All parents appreciate advice on how to make the new school year a little easier. Our kids may spend around six hours a day in the classroom, but friendship dramas, bad behaviour and the inevitable homework struggles come home with them when the bell rings.
One headmaster, Tom Sherrington of Highbury Grove School in north London, tried a different tack this year. Instead of giving tips to parents, he directed his advice at teachers. But even though his essay was written to help new teachers manage a classroom, it's actually something every parent would benefit from reading.
Based on the work of Australian teaching guru Bill Rogers, which he credits with helping him get rid of the "various teaching atrocities" of his early teaching days, Sherrington's blog post is the best back-to-school advice we've read this year — for both teachers and parents. Here are our top take-away tips.
Kids don't respond to criticism any better than adults do. By focusing on a child's positive qualities and giving constructive feedback, we're more likely to get them to behave, says Sherrington. For example, instead of saying, "Stop annoying your brother", try something more positive, such as "I'd really like you to treat your brother with kindness". Sherrington also suggests saying "thank you" to kids when they do respond well, and as often as possible, a tactic known as "modelling".
Again, it's about language. Throwing "do what I say" commands at kids without establishing boundaries and outlining consequences isn't enough. If you give a child a clear choice using the "when… then" statement, they feel as if they are in control of their decisions and know what's expected of them. For example, you might say to your kid, "When you've finished tidying your room, then you can play on your tablet for 30 minutes".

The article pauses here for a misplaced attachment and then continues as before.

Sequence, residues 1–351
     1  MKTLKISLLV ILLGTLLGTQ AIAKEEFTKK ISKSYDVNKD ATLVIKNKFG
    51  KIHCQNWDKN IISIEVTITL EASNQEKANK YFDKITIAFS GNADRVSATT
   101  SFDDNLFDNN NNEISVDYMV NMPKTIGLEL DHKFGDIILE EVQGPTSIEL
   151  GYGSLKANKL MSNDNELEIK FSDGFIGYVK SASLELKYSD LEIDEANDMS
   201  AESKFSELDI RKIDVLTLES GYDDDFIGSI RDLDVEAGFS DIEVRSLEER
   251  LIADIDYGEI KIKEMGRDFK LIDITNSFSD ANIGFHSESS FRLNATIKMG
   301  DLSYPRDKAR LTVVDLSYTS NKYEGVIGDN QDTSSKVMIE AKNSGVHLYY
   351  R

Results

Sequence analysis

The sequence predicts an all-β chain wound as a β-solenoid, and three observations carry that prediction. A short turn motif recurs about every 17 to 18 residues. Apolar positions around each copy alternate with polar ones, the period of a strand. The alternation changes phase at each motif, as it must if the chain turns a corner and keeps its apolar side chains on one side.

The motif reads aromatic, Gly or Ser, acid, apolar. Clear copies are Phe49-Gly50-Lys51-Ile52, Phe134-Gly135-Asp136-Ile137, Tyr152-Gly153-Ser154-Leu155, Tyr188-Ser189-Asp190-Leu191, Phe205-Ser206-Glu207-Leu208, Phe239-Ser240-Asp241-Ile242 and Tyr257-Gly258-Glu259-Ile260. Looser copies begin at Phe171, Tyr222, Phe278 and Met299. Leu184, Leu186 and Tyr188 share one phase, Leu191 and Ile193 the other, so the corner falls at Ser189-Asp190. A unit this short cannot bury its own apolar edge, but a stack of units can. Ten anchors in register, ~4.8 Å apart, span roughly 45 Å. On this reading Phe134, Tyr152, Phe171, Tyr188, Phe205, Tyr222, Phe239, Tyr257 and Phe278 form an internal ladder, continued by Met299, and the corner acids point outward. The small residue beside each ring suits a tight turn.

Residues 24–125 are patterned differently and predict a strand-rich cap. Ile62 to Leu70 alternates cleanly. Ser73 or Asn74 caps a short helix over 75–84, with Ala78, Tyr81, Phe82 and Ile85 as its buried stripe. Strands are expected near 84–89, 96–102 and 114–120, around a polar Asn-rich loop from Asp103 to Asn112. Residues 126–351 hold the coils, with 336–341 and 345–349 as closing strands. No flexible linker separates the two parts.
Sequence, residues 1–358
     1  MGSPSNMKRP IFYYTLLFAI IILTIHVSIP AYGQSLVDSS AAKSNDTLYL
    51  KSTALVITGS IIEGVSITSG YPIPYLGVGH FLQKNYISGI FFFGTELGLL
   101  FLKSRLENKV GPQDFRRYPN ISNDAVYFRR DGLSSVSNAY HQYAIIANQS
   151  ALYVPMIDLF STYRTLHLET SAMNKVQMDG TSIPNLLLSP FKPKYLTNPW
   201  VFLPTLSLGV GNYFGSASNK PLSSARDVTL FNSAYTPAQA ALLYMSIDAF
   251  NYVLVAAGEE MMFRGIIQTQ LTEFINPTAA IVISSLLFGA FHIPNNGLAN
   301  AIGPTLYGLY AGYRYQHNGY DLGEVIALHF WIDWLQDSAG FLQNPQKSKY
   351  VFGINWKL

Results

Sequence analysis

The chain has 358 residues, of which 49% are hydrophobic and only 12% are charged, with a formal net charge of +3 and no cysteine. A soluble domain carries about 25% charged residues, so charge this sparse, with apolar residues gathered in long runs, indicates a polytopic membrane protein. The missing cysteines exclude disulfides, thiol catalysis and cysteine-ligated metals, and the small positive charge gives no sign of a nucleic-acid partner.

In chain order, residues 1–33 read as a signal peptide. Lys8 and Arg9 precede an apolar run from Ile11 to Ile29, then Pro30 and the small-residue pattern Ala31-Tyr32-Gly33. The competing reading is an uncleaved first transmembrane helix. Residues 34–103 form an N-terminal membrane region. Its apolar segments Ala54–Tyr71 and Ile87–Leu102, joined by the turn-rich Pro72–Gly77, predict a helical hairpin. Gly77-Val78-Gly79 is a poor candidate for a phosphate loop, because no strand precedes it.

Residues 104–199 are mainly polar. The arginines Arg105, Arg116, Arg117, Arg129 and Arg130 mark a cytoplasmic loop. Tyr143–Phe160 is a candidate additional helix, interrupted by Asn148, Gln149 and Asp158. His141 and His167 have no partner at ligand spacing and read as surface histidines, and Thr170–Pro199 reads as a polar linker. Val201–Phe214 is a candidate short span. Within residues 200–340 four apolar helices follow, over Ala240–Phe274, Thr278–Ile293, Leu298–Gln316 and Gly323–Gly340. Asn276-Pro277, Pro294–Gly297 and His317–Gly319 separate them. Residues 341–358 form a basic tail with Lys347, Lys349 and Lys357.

It's natural to want to have the last word, especially when you're dealing with a belligerent child. But Sherrington suggests using the power of partial agreement, a conflict resolution strategy that acknowledges you may be wrong or that you can't determine who is "right" and who is "wrong" because you don't know all the facts. So if your child is messing about instead of doing their homework, try saying, "Maybe you were writing your sentences, but I'd really like you to concentrate and get it finished".
The best piece of advice from Sherrington is simple: Remember who the grown-up is. It's about striking a balance between being an overly emotional, stressed teacher (or parent) who struggles to assert authority and one who is arrogant and tyrannical. If you can be assertive without being despotic, confident without being arrogant, show your child you're in control without acting as if you're perfect, then life at school and at home might be a whole lot easier.
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